THE STORY - Three young men bond together to escape volatile families in their Rust Belt hometown. As they face adult responsibilities, unexpected revelations threaten their decade-long friendship.
THE CAST - Kiere Johnson, Bing Liu & Zack Mulligan
THE TEAM - Bing Liu (Director/Writer)
THE RUNNING TIME - 93 Minutes
THE GOOD - Fascinating examination in the lives of these young men. Great cinematography. The narrative never feels too manufactured. An authentic portrayal and genuine emotion.
THE BAD - Scattered insert shots that feel too manipulated.
THE OSCAR PROSPECTS - Best Documentary Feature
THE FINAL SCORE - 10/10
read the FULL REVIEW
By Josh Parham
I’ve spoken before about what a fantastic year it has been for documentaries. It really is remarkable how the genre has flourished lately, and it is very encouraging to see so many people engaged with these types of films in a way that hasn’t really been seen previously. Still, I must admit that for as many great entries there has been this year, there hasn’t been one that has truly made the leap into something extraordinary. There have been many documentaries this year I would highly recommend, certainly, but I had yet to see one to truly astound me to the point of hyperbolic praise. Currently streaming on Hulu, that film has finally come my way, and it is quite a spectacular piece of filmmaking.
The subjects of the film are a trio of friends who all grew up in the town of Rockford, a Rust Belt suburb in Illinois that sits about an hour away from Chicago. Zack is the slightly older member of the group who faces the struggles of newfound fatherhood. Keire is seventeen-years-old and deals with a combination of his racial identity in a mostly white community and the memory of his deceased father. The film’s director, Bing Liu, also inserts himself into the narrative as the victim of an abusive stepfather. Broken homes and a love of skateboarding binds these three friends together, even as they must navigate their own decisions and consequences of their lives.
One of the great things that documentaries can accomplish is building a sense of intimacy that doesn’t seem manufactured or overtly manipulated. The feeling of dropping into the lives of a group of people in a naturalistic manner can be difficult to pull off for even the most accomplished of filmmakers. No doubt that the personal connection that Liu has to his subjects has made that easier, but it is still remarkable the ease at which he is able to capture this setting authentically. These young men exist in a town struck by crime and poverty, and its representation never feels exploitative. It is presented with a keen observation to understand the environment they live in and how it affects them. Liu acting as his own cinematographer also helps to highlight the rustic yet oddly warm setting.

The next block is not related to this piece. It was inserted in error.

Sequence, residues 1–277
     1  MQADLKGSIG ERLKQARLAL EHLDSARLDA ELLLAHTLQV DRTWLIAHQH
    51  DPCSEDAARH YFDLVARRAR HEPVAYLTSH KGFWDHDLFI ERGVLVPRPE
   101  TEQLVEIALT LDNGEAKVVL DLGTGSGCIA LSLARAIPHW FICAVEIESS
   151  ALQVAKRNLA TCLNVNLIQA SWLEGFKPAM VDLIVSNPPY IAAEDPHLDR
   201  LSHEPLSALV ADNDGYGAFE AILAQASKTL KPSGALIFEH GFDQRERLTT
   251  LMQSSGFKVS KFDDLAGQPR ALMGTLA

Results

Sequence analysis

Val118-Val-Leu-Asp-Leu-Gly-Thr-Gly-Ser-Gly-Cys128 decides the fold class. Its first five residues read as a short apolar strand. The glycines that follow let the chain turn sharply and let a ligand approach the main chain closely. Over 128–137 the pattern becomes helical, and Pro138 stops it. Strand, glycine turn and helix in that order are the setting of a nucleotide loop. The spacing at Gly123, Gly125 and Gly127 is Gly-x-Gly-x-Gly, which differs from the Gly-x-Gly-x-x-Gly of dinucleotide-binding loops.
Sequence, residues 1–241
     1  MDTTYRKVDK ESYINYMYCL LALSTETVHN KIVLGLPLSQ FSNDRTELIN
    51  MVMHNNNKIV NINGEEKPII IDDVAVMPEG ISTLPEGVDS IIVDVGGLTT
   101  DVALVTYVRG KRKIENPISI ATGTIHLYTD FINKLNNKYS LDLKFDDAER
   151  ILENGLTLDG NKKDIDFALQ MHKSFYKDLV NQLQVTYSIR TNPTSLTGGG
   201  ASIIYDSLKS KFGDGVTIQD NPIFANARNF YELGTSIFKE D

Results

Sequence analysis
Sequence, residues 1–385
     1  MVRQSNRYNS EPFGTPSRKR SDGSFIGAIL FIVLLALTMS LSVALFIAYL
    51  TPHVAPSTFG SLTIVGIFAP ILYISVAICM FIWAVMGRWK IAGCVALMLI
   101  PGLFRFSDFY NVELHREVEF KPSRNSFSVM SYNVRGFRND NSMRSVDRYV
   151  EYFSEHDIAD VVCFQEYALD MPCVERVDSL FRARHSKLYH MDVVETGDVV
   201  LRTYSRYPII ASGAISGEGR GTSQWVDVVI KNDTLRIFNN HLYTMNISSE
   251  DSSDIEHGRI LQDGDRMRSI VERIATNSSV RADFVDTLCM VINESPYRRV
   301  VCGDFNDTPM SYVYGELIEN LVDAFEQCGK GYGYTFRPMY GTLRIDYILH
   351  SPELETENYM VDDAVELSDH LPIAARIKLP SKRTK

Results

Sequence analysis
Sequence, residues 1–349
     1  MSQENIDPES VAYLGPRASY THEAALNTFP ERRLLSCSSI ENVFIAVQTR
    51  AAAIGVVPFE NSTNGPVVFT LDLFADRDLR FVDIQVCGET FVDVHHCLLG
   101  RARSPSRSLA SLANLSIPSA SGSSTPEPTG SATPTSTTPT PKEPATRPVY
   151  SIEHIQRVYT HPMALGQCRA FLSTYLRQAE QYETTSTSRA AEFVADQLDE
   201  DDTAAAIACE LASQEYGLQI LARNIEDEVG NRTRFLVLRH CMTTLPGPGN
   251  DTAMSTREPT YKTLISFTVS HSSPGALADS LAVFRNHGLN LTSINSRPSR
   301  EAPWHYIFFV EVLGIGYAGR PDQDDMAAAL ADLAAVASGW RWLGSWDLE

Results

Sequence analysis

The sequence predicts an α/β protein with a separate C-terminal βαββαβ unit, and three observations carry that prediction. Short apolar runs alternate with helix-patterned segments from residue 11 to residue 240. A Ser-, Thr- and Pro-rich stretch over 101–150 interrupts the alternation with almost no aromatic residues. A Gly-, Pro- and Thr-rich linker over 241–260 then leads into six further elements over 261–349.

It is in that examination that the film finds the most emotional treasure to explore. It is deeply fascinating how the lives of these three men are analyzed and to what it speaks of. All three of them have histories of abuse in their families, and the way the film comments on the effects of these elements is what makes the story so inviting. Zack seemingly carries the most baggage, projecting the uneducated, white working class that feels stuck with their lot in life and fuels that frustration with a continuing cycle of abuse. The film does not shy away from some heinous actions Zack may be privy to, but it also takes the time to understand the root of that pain and how many who live in such circumstances must navigate through it, whether dealing or receiving.
Keire’s narrative also provides an interesting look at how black youth maintains the delicate balance between their own racial communities and those of the friendships they have with mostly white people. It’s a subject that can be difficult to discuss, and the film manages to tap into those anxieties without ever feeling preachy. The relationship he had with his father is also one that is complex, with a mixture of resentment for the way he was treated but also a profound sadness for his loss. He oddly learned many life lessons from this figure and the way he expresses it is quite thoughtful.
Liu’s own story has its history of highlighting abuse at the hands of a parental figure, as well as the inaction of his biological mother. There is an interview Liu conducts with her that could have been the opportunity to make the film become its most trite and preening. However, the revelations provided here speak to a great despair that many partners in relationships involved in domestic abuse find themselves in, and speaking these truths in a raw and vulnerable way to provide some kind of healing is a grand gift his mother attempts to give. These interviews feature some of the most heart-wrenching moments of the film, but it is greatly appreciated that such powerful moments were able to be captured.
No film is absolutely perfect, and one could probably point to some meandering the film partakes in, as well as some billboard cutaways that do feel a bit on the nose when commentating on the story. However, those are all minor issues when compared the overall effectiveness of the narrative. The examination of these lives is one that holds a great discussion about the relationships with troubled friends and how one may pursue something better for himself while the other does not. It never rings false and captures this community with almost dreamlike imagery at times. All of that means Minding the Gap has established itself as head and shoulders above the group of incredibly strong documentaries this year. Not only that, it may just very well be my favorite film of the year so far.